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American Small Businesses Are Eager to Grow Online. Alibaba Wants to Help.

Alibaba, best known for its retail e-commerce business, wants to expand in another key market.

Alibaba, best known for its retail e-commerce business, wants to expand in another key market.

Alibaba is best known for its retail e-commerce business, including flagship platforms like Taobao and Tmall, serving the vast number of Chinese consumers. But the company wants to expand in another potentially huge market—the global business-to-business sector.

Alibaba Group Holding (ticker: BABA) founder Jack Ma started the company two decades ago with Alibaba.com, an international wholesale marketplace meant to help China’s small companies reach buyers abroad. Over the years, the U.S. has long accounted for the largest number of buyers on Alibaba.com, but American sellers have been largely left out.

Last year, Alibaba.com moved to expand its reach, opening a gate to allow American sellers—especially smaller ones with limited online capabilities—to access the millions of global buyers on its platform. Since last summer, the company has been touring cities across the U.S. to recruit members for Alibaba.com.

Although the company hasn’t disclosed how many businesses have signed up, the potential is huge. Global spending in B2B e-commerce reached $23.9 trillion in 2016, according to the U.S. International Trade Commission. That is six times the amount of online sales to consumers.

In December, Alibaba.com commissioned a research firm to survey 5,000 small-business owners in the B2B sector. While 90% of the respondents are already doing some B2B selling or purchasing online, less than one-third have been doing it for more than five years.

The survey also found that the bulk of B2B online activity is still done using tools such as email or website order forms. Only 21% of respondents used online marketplaces like Alibaba.com. This is a contrast to the consumer sector, where most shoppers and retailers are familiar with marketplaces like Amazon.com (AMZN) and Taobao.

“That means there is an enormous opportunity for U.S. small and medium businesses to digitize and grow their businesses globally with ease,” said John Caplan, head of North America B2B at Alibaba Group.

Small-business owners are upbeat. Nearly two-thirds of the respondents, 62%, said the economy is gaining momentum, with a bright future. And 46% expect volume to increase at their online businesses, while 60% expect to increase their procurement budgets. Fifty-six percent of the surveyed companies are already doing some cross-border trade, which makes up an average of 17% of their total business.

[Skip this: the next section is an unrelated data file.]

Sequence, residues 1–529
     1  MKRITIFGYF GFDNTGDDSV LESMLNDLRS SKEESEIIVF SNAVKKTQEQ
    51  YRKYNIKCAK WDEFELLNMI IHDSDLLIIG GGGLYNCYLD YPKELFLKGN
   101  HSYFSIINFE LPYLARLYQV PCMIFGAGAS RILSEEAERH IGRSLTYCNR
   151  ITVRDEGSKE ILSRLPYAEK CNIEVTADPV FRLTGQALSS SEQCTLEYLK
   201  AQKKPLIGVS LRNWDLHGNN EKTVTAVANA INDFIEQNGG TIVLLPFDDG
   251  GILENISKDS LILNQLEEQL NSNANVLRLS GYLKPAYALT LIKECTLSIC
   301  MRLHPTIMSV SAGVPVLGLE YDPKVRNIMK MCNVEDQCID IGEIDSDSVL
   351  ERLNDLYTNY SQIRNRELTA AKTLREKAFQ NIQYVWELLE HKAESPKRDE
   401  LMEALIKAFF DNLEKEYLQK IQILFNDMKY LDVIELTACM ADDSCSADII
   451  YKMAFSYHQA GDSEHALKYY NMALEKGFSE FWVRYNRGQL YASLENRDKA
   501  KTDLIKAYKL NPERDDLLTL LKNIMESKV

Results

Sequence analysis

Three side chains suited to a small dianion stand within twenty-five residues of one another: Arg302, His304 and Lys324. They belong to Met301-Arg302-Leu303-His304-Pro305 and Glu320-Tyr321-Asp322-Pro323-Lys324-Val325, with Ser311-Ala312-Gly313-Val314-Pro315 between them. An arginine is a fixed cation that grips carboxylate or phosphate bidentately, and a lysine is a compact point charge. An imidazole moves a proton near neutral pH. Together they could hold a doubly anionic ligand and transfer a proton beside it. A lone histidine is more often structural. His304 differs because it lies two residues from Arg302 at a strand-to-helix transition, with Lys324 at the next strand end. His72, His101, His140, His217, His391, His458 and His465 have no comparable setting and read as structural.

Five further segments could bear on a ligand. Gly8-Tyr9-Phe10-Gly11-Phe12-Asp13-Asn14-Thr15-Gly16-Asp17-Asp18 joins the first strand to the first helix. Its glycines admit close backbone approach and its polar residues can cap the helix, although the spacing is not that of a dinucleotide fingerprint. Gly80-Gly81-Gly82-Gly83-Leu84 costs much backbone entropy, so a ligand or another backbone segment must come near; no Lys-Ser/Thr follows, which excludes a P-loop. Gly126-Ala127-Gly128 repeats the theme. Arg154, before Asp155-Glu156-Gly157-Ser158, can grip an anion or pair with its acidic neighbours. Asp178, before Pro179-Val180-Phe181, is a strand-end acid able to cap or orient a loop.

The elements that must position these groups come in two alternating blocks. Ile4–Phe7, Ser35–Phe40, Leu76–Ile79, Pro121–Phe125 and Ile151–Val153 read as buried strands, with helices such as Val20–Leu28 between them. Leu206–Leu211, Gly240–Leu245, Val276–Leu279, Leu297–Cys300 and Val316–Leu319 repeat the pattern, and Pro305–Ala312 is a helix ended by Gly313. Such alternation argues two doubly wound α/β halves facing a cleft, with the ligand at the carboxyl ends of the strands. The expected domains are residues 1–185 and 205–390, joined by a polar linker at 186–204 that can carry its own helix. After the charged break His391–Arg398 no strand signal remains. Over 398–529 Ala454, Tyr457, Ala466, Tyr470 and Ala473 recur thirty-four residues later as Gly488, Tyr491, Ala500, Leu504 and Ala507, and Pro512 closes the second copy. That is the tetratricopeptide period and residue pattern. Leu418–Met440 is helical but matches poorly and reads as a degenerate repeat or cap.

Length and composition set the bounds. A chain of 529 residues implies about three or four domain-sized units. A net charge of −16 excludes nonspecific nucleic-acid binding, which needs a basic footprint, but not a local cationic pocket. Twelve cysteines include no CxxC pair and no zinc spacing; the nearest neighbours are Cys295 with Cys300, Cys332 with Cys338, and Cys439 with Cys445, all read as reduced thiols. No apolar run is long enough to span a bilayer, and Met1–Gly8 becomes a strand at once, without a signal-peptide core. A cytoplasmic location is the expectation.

The results are not surprising. After a year-long rally in 2019, all three major stock indexes are near all-time highs. The Federal Reserve turned dovish last year, cutting interest rates three times. Trade tensions between the U.S. and China have diminished—Washington and Beijing are set to sign an initial deal on Wednesday—alleviating uncertainty that had made companies less willing to commit to capital spending. In another positive sign, corporate earnings are now expected to grow again this year after sliding for most of 2019.

One of Alibaba.com’s main rivals in the U.S. B2B market will be Amazon Business, whose large warehouse and delivery network across the country might give it an advantage over the Chinese giant. But Alibaba is more focused on its global reach, and will potentially offer lower costs. Alibaba.com doesn’t take a share of business transactions, but charges an upfront membership fee plus any marketing and advertising expenses.

To better help small businesses grow digitally and globally, Alibaba.com has launched a series of weekly events called “B2B Tuesday,” featuring success stories, in-person events, new platform offerings, educational content, and more.

“Small businesses are really the unsung heroes of the U.S. economy, particularly those in manufacturing, distribution, and wholesale,” said Caplan, “Our goal is to provide resources and tools to help small businesses to access and participate in the global B2B e-commerce economy.”

Alibaba stock rallied 55% last year, compared with the S&P 500’s 29% gain. As of Monday, the stock had risen 8.7% year to date to reach an all-time high of $230.48, although it slipped back on Tuesday.

Write to Evie Liu at evie.liu@barrons.com

The views and opinions expressed herein are the views and opinions of the author and do not necessarily reflect those of Nasdaq, Inc.

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